A month back I watched a documentary on Abdus Salam, the first physicist from Pakistan to be awarded the Nobel Prize in Physics. During his lifetime, he made significant contributions to quantum mechanics and was awarded the Nobel for his development of theory of the electroweak interaction.
You can watch it on Netflix, here is a trailer
He was from Punjab, the region of my partner’s ancestors. Lately my partner and I have been talking through this sense of statelessness as a way of being. When the partition of India occurred in 1947, her grandparents had to flee Lahore — her grandmother and perhaps millions of others did not survive. My partner has survived “migration under duress” from Tanzania to Botswana and living in the U.S. as a permanent resident under an “evolving/devolving” immigration regime. Traveling on an African passport has brought me new insights on what exclusion and racism mean.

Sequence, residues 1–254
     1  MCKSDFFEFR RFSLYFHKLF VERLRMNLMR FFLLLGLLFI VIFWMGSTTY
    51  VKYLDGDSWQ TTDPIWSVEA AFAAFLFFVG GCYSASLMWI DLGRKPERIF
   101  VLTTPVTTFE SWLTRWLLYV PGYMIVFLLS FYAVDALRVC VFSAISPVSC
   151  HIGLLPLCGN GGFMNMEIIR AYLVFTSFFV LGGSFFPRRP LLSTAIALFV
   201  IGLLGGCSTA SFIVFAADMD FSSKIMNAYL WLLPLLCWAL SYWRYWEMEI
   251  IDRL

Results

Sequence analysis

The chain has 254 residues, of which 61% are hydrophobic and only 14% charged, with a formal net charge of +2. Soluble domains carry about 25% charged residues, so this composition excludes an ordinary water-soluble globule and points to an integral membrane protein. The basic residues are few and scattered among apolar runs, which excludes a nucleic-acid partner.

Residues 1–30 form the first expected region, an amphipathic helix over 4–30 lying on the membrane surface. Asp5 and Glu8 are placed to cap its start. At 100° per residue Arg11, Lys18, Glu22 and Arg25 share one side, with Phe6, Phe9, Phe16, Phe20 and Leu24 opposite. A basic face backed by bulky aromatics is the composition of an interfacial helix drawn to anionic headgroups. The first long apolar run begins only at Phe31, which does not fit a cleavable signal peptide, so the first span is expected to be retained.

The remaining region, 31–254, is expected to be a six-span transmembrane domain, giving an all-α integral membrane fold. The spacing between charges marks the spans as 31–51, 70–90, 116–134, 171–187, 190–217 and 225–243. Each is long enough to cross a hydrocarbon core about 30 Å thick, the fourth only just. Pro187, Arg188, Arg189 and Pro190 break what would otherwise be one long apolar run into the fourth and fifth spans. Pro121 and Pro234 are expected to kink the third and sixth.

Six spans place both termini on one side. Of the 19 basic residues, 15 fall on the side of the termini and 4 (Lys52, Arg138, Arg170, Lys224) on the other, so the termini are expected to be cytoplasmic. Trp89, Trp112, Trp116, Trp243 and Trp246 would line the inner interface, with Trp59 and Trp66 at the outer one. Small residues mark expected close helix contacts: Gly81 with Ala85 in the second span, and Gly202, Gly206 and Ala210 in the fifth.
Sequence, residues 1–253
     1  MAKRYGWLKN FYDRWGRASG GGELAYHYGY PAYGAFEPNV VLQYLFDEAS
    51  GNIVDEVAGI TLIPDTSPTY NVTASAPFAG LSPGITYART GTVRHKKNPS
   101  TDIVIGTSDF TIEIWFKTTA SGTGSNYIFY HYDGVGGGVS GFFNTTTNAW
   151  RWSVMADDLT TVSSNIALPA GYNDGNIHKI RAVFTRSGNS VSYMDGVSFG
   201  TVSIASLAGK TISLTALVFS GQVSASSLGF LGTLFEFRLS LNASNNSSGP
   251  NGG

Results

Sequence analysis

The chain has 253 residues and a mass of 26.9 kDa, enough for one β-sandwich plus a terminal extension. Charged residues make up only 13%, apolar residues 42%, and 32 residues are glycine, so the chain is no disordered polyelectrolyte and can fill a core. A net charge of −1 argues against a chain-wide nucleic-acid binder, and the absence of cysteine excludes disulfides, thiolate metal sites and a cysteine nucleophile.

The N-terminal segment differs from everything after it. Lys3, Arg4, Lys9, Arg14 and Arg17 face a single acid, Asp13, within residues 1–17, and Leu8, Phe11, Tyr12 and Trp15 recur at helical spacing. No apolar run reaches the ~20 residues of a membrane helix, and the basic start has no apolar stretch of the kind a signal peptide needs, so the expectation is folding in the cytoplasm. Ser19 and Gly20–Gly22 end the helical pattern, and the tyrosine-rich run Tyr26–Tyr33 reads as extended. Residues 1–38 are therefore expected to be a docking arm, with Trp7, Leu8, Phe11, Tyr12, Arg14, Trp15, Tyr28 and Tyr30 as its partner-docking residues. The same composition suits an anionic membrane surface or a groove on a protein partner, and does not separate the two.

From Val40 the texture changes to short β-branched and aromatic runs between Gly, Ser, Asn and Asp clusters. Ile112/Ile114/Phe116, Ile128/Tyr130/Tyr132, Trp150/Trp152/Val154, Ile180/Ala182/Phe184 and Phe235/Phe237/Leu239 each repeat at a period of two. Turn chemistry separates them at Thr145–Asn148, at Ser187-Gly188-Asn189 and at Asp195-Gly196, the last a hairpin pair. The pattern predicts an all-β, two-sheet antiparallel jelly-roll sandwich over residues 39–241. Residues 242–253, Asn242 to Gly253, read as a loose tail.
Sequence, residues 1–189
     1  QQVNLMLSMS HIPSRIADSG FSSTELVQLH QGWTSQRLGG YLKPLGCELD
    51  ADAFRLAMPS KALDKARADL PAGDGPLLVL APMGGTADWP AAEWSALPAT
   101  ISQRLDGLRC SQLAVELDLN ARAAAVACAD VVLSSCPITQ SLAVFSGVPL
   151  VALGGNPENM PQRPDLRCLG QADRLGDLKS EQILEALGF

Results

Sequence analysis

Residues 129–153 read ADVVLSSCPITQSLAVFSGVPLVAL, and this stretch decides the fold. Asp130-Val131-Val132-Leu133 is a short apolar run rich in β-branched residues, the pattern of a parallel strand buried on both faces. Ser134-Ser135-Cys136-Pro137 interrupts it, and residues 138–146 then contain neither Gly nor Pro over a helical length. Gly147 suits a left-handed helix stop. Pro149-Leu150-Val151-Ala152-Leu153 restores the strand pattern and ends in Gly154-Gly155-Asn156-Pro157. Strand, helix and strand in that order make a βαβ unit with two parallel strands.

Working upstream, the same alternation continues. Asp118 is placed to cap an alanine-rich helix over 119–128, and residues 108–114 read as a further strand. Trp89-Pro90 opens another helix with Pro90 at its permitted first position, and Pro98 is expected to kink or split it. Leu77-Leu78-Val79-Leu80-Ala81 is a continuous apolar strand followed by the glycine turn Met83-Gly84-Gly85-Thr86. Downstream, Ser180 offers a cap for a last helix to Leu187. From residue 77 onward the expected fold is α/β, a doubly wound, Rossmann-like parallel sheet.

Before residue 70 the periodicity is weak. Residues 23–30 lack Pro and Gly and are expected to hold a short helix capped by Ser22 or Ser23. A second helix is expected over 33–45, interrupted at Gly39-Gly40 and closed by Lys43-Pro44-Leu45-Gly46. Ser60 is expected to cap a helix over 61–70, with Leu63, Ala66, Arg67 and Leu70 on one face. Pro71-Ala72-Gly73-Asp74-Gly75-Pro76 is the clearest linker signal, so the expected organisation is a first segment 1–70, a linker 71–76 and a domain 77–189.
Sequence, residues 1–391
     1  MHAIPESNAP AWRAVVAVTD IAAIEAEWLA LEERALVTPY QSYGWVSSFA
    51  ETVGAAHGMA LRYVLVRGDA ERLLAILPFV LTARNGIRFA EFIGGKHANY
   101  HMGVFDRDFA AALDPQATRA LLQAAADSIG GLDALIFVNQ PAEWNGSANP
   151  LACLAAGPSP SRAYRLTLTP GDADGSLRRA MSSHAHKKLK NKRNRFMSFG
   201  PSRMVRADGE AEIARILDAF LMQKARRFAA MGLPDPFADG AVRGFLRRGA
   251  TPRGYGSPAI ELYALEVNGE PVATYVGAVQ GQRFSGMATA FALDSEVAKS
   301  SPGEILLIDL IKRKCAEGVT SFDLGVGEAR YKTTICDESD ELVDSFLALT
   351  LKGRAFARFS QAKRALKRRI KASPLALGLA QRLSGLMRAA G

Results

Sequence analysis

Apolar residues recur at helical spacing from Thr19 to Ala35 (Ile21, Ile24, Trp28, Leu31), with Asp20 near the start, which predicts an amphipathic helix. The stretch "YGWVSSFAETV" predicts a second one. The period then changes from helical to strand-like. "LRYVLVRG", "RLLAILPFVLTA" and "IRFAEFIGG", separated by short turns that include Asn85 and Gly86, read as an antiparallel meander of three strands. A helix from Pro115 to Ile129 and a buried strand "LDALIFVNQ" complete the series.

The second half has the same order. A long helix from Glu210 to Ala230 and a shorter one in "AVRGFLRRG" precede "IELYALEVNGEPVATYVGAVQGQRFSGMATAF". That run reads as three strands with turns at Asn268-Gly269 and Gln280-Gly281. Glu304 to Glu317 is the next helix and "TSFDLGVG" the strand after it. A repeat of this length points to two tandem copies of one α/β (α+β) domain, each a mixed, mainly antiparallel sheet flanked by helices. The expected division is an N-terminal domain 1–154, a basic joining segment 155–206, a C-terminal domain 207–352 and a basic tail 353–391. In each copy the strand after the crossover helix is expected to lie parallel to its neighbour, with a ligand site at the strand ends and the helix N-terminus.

All that said, I have a deep lived compassion and empathy for the Abdus Salaam’s of the world. Salaam was a member of the Ahmadiyya Muslim community. Pakistan refuses to recognize it as a legitimate branch of Islam.
According to the just passed Indian Citizenship Act, there are no Muslims in Pakistan who face religious persecution. So the defacement of Abdus Salam’s grave would, according to the act, constitute fake news. You can watch the Netflix documentary if you like and view a photo of the headstone. It is hard to square the fake news proclamation with 150 years of documented persecution.
The world seems in the process of canceling the right of refugees to basic claims on humanity. At this point, I don’t know what to do, other than proclaim, affirm and support the right of all humans to a country, to a place to call home, to the right to exist. Please remember Abdus Salam and the millions of people — mothers, aunts, children, scientists, cooks, farmers, hawkers and all — who today struggle to find a home.